During the small-group conversations, leaders learned, for example, that some participants worried that nurse triage lines could be overwhelmed and that the lack of face-to-face interaction might make flu and other conditions difficult to diagnose. Participants expressed confidence in specially trained nurses and in pharmacists.

Concerning pick-up and delivery method, some expressed concern over risks to people delivering the medications to the sick, reliability of those handling the delivery, and some people not having contacts willing to help out.

For the pharmacist prescriber method, participants liked the face-to-face aspect and said they were already familiar with pharmacists doing other medical tasks, such as administering flu vaccines. Possible disadvantages included potential contact between sick and well people, risk of exposure to pharmacists, and the possibility that antiviral delivery could overwhelm the stores.

Overall, the participants responded favorably to the Web tool and the text messaging system. They expressed concerns that not all people would have Internet access or cell phones and said the most useful information on a Web portal would relate to symptoms, treatment options, when to see a health provider, how to obtain antivirals, and what to expect during antiviral treatment.

During discussions about possible antiviral shortages, participants strongly supported directing scarce resources to those in greatest need and to those who would most benefit, according to the report. They saw mostly downsides for "first come, first served" and lottery-allocation methods, except, for example, distributing antivirals when there are not enough to cover even high-risk groups.

The groups had mixed reactions when asked if providers should have some leeway in making antiviral allocation decisions.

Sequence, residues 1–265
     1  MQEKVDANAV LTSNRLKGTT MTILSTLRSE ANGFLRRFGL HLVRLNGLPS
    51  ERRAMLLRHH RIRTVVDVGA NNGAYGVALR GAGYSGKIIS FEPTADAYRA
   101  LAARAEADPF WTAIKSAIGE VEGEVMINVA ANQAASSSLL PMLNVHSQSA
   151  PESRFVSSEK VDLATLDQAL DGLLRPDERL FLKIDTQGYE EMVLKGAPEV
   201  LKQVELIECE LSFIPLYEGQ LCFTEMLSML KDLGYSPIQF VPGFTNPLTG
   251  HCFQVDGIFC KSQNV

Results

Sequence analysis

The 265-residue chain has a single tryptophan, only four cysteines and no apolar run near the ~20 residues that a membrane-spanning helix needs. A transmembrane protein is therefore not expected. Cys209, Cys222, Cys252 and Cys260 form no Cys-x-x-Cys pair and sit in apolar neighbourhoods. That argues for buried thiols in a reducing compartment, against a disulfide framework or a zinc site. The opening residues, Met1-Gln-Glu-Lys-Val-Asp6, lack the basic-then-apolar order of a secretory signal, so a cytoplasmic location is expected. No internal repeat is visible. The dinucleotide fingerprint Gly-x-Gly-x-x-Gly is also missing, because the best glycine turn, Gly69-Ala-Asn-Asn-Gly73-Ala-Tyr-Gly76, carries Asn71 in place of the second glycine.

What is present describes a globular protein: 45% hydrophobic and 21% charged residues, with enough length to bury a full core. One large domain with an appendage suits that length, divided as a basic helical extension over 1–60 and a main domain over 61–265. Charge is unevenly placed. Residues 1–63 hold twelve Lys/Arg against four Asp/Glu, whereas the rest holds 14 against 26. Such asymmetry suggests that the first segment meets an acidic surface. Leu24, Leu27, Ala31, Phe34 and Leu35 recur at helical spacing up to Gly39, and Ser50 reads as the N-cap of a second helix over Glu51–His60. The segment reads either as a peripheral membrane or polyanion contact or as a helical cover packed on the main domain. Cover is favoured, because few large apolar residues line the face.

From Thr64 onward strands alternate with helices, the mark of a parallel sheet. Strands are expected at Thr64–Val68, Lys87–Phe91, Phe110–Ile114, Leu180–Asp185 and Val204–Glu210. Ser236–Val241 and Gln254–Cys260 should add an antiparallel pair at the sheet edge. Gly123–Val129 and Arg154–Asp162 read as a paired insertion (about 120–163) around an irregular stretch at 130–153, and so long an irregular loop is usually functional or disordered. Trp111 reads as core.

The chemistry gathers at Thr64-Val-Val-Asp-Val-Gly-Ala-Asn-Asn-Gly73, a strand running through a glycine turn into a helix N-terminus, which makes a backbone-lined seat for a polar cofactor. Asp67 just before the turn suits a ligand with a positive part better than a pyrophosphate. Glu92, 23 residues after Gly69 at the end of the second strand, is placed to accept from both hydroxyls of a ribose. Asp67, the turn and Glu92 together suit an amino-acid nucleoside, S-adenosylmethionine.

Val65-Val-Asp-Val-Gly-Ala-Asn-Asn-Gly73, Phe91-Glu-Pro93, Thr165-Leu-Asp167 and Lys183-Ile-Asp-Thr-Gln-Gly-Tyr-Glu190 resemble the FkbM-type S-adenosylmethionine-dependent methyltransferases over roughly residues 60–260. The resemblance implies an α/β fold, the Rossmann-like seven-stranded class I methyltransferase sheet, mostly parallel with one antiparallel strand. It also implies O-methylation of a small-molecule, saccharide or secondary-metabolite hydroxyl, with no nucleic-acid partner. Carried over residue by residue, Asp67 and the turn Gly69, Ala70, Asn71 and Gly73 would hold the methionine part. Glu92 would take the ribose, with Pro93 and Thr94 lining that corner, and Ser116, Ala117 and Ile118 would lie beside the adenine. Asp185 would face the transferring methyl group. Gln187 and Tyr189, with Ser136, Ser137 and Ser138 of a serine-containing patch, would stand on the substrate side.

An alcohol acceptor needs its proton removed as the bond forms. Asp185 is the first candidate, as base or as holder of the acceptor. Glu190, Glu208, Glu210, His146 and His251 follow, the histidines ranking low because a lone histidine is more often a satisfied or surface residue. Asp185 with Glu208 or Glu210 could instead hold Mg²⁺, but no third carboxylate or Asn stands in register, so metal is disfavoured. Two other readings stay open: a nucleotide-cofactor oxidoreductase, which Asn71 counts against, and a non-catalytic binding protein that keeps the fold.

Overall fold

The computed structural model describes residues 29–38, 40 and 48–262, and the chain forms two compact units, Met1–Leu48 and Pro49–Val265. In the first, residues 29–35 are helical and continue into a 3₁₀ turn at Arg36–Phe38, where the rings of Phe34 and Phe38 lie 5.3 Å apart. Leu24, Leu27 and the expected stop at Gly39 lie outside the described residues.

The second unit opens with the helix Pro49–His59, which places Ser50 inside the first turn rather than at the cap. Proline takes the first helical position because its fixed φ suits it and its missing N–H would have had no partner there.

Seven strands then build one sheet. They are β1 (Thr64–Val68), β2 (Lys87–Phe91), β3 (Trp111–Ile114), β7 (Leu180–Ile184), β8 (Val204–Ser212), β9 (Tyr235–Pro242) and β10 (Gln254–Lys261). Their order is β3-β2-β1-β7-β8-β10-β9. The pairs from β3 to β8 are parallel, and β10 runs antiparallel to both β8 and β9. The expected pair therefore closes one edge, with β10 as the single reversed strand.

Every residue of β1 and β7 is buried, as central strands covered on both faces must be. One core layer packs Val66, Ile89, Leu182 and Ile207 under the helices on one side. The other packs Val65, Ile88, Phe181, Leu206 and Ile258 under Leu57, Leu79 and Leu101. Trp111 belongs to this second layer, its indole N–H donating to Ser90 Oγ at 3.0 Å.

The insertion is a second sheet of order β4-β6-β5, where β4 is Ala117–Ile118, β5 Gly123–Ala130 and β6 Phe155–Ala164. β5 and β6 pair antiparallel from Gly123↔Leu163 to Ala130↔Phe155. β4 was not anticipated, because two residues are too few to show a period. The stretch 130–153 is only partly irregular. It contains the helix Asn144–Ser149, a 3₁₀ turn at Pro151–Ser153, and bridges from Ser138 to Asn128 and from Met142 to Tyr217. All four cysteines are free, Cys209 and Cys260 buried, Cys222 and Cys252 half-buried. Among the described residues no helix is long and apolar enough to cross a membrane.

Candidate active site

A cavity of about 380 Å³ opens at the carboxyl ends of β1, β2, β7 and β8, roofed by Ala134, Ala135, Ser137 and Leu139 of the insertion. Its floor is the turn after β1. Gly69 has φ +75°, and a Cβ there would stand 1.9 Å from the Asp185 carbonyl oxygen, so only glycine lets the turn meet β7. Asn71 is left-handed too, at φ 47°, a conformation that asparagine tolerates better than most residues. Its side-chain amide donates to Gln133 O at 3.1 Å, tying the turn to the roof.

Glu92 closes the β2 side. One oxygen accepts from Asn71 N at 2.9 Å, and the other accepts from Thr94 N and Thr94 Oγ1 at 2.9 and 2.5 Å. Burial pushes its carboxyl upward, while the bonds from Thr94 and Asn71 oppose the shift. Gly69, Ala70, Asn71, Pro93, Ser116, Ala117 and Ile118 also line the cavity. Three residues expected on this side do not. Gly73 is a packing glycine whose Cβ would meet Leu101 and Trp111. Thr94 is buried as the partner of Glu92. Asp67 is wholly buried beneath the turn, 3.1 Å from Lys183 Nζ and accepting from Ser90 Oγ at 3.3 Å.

At several points during the workshops, participants aired their own ideas for antiviral distribution, including using pharmacy drive-throughs to help minimize the spread of disease. Some at the rural Montana session said they would trust veterinarians to expand prescribing capacity, and some from the Los Angeles session advised health officials to recruit celebrities to appear in public service announcements about pandemic flu.

Some of the participants had additional comments that weren't directly related to the strategies. For example, some participants at the rural Montana session wondered if federal officials could ease access to antivirals during a pandemic by making them available for over-the-counter sale.

Some of the participants at the Los Angeles session voiced a general mistrust about the safety of the drugs and whether minority groups would be used to test antivirals without benefiting from their widespread use in a pandemic.

In all three locations, participants said pandemic planning should be robust enough to ensure that antiviral scarcity will never be a problem.

The IOM organizers wrote that although the sessions weren't meant to come to a consensus or reflect wider populations, the workshop feedback raises several concerns, including possible misperceptions that the CDC can expect to encounter as it develops alternate antiviral strategies.

The agency praised the quality of the information that the organizers learned and the increase in participant knowledge about pandemic issues and the antiviral strategies. "These types of forums offer reciprocal benefits to participants and policy makers and have a great potential to positively impact the development of public health policy," the authors wrote.

See also:

May 17 IOM preparedness forum summary on antiviral public engagement sessions